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Actionable Awareness: How to avoid becoming supply chain roadkill

Disruptive events affect us all. But companies with supply chain sensing capabilities can take action to avoid becoming the proverbial deer in the headlights.

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This is an excerpt of the original article. It was written for the July-August 2022 edition of Supply Chain Management Review. The full article is available to current subscribers.

July-August 2022

In late May, I attended the Institute for Supply Management’s first live conference since 2019. The message from Tom Derry, ISM’s CEO, was simple: These are challenging times, but along with the challenges come opportunities for those of us who can step up and lead our organizations into the future. One area where supply chain will be tasked with stepping up to the plate is going to be ESG, the initialism for environmental, social and governance. It was a major theme of the conference, and while all of the reporting requirements are still being debated, there’s little question that supply chain will lead the charge in environmental initiatives…
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On March 11, 2020, the World Health Organization (WHO) declared the novel coronavirus (COVID-19) a global pandemic. The WHO was too late. Travel bans and lockdowns followed, but COVID had breached containment. Two-plus years of pain—physical, emotional and economic—ensued, injuring individuals, businesses and economies worldwide.

During COVID’s twists and turns, decision makers, including supply chain professionals, acted like deer caught in the headlights: Startled, vulnerable, they froze. So did global supply chains. As if struck by an unyielding force, the global economy staggered. Eventually, COVID became endemic, supply chains thawed and the global economy rebounded. Many inquired: “Why was the COVID response so hard?”

We have another question: After a half dozen infectious-disease events since SARS in 2003, why didn’t we see COVID coming? Once spotted, why didn’t we sense the nature of COVID’s threat earlier? The answer stares us in the face: Our sensing abilities, at all levels, are under-evolved.

Critically, we don’t just miss disruptions—large and small—we often fail to get out in front of emerging trends, and we seldom sense and make sense of changing competitive rules. Do you remember Blockbuster, Compaq Computer or PanAm? Each was an industry leader killed off by a disruptive marketplace.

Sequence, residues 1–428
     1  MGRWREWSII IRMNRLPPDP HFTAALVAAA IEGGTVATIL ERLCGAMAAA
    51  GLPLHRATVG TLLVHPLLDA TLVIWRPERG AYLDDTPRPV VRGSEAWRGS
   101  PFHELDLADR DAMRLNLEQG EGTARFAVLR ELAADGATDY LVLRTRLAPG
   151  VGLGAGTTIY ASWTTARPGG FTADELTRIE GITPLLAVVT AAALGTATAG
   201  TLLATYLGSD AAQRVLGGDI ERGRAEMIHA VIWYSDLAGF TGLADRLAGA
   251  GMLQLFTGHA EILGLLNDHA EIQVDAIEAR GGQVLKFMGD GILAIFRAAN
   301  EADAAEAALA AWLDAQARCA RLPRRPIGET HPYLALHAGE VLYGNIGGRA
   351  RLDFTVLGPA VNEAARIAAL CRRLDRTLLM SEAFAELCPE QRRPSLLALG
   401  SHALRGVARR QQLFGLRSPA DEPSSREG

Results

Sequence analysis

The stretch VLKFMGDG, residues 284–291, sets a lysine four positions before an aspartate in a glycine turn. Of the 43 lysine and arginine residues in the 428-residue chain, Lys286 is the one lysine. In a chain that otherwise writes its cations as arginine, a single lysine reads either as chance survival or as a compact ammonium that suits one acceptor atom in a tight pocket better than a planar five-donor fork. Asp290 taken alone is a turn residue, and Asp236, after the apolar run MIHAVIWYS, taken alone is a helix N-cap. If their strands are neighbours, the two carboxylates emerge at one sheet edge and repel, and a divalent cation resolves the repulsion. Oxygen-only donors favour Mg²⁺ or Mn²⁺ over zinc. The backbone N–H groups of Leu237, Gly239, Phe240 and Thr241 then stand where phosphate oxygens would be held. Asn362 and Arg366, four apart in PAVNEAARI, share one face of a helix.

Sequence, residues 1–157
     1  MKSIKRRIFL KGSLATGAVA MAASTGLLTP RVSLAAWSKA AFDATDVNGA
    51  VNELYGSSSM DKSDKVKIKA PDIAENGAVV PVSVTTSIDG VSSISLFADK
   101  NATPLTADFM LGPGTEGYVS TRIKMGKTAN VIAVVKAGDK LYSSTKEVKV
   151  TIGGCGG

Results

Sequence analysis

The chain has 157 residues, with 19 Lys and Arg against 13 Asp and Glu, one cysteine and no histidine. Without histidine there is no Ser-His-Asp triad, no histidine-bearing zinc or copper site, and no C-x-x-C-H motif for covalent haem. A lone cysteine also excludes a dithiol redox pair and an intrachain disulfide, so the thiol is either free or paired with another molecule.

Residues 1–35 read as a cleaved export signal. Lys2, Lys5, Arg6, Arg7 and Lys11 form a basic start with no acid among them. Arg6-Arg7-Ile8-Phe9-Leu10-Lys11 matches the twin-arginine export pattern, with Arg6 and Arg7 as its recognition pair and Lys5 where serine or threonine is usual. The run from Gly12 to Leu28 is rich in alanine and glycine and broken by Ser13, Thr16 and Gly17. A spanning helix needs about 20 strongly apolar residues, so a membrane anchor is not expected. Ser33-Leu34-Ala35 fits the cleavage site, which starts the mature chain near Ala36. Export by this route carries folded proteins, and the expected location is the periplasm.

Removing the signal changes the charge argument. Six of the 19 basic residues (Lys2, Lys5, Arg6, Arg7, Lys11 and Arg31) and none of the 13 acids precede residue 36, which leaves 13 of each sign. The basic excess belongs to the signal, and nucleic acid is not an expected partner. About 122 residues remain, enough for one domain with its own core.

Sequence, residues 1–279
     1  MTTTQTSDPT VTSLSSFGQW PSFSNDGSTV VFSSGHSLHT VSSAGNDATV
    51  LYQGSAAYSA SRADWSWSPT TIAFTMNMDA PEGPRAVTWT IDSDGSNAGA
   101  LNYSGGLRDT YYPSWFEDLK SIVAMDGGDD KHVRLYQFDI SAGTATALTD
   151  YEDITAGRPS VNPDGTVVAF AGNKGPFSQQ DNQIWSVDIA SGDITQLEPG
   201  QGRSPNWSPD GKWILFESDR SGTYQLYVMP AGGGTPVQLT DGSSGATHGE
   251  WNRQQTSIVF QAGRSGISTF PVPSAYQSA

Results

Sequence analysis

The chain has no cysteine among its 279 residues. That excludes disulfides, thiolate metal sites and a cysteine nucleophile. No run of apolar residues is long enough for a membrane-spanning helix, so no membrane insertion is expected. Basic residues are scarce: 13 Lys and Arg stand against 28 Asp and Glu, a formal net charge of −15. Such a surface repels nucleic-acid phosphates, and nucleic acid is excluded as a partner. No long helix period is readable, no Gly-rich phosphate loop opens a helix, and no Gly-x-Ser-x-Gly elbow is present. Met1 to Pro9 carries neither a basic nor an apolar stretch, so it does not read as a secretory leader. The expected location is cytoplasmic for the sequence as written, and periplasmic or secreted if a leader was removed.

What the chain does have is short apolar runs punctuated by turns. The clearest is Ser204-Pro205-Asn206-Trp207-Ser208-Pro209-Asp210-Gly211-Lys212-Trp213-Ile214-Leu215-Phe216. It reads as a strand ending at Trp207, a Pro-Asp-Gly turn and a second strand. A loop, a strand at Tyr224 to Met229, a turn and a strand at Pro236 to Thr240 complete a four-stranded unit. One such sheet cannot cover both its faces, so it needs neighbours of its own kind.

Now, a little good news: The deer-in-the-headlights idiom offers keen insight into how to improve our sensing abilities to achieve actionable awareness. Let’s take a closer look.

The origins of the idiom

Have you ever tried to sneak up on a deer in the wild? It’s quite the impossible task. Deer possess highly evolved senses. Their eyes, ears and nose keep them fully aware of their setting. The eyes are especially well adapted for survival. You may know that as a prey species, a deer’s eyes are widely spaced. They can spot and track movement across a 310° field of view. But do you know the rest of the story?

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From the July-August 2022 edition of Supply Chain Management Review.

July-August 2022

In late May, I attended the Institute for Supply Management’s first live conference since 2019. The message from Tom Derry, ISM’s CEO, was simple: These are challenging times, but along with the challenges come…
Browse this issue archive.
Access your online digital edition.
Download a PDF file of the July-August 2022 issue.

Download Article PDF

On March 11, 2020, the World Health Organization (WHO) declared the novel coronavirus (COVID-19) a global pandemic. The WHO was too late. Travel bans and lockdowns followed, but COVID had breached containment. Two-plus years of pain—physical, emotional and economic—ensued, injuring individuals, businesses and economies worldwide.

During COVID’s twists and turns, decision makers, including supply chain professionals, acted like deer caught in the headlights: Startled, vulnerable, they froze. So did global supply chains. As if struck by an unyielding force, the global economy staggered. Eventually, COVID became endemic, supply chains thawed and the global economy rebounded. Many inquired: “Why was the COVID response so hard?”

We have another question: After a half dozen infectious-disease events since SARS in 2003, why didn’t we see COVID coming? Once spotted, why didn’t we sense the nature of COVID’s threat earlier? The answer stares us in the face: Our sensing abilities, at all levels, are under-evolved.

Critically, we don’t just miss disruptions—large and small—we often fail to get out in front of emerging trends, and we seldom sense and make sense of changing competitive rules. Do you remember Blockbuster, Compaq Computer or PanAm? Each was an industry leader killed off by a disruptive marketplace.

Now, a little good news: The deer-in-the-headlights idiom offers keen insight into how to improve our sensing abilities to achieve actionable awareness. Let’s take a closer look.

The origins of the idiom

Have you ever tried to sneak up on a deer in the wild? It’s quite the impossible task. Deer possess highly evolved senses. Their eyes, ears and nose keep them fully aware of their setting. The eyes are especially well adapted for survival. You may know that as a prey species, a deer’s eyes are widely spaced. They can spot and track movement across a 310° field of view. But do you know the rest of the story?

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